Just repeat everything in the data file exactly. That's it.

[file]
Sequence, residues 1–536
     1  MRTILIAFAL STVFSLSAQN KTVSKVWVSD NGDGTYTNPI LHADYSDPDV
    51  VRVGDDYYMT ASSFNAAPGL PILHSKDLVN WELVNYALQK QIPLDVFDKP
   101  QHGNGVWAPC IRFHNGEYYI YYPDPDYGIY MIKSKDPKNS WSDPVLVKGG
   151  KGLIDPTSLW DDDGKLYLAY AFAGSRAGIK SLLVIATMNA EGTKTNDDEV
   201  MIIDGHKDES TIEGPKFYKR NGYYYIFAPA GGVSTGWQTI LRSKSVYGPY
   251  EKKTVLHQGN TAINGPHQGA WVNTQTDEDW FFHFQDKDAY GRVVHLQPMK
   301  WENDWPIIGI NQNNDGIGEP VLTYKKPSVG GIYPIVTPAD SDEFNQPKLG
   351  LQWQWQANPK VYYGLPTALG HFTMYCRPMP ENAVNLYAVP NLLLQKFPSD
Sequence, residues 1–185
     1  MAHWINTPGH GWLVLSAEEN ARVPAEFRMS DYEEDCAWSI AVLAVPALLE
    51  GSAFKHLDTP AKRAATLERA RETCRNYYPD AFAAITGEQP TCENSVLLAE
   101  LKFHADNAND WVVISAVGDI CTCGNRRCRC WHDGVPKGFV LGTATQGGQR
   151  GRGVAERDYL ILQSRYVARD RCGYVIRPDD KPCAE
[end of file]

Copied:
Sequence, residues 1–536
     1  MRTILIAFAL STVFSLSAQN KTVSKVWVSD NGDGTYTNPI LHADYSDPDV
    51  VRVGDDYYMT ASSFNAAPGL PILHSKDLVN WELVNYALQK QIPLDVFDKP
   101  QHGNGVWAPC IRFHNGEYYI YYPDPDYGIY MIKSKDPKNS WSDPVLVKGG
   151  KGLIDPTSLW DDDGKLYLAY AFAGSRAGIK SLLVIATMNA EGTKTNDDEV
   201  MIIDGHKDES TIEGPKFYKR NGYYYIFAPA GGVSTGWQTI LRSKSVYGPY
   251  EKKTVLHQGN TAINGPHQGA WVNTQTDEDW FFHFQDKDAY GRVVHLQPMK
   301  WENDWPIIGI NQNNDGIGEP VLTYKKPSVG GIYPIVTPAD SDEFNQPKLG
   351  LQWQWQANPK VYYGLPTALG HFTMYCRPMP ENAVNLYAVP NLLLQKFPSD
Sequence, residues 1–185
     1  MAHWINTPGH GWLVLSAEEN ARVPAEFRMS DYEEDCAWSI AVLAVPALLE
    51  GSAFKHLDTP AKRAATLERA RETCRNYYPD AFAAITGEQP TCENSVLLAE
   101  LKFHADNAND WVVISAVGDI CTCGNRRCRC WHDGVPKGFV LGTATQGGQR
   151  GRGVAERDYL ILQSRYVARD RCGYVIRPDD KPCAE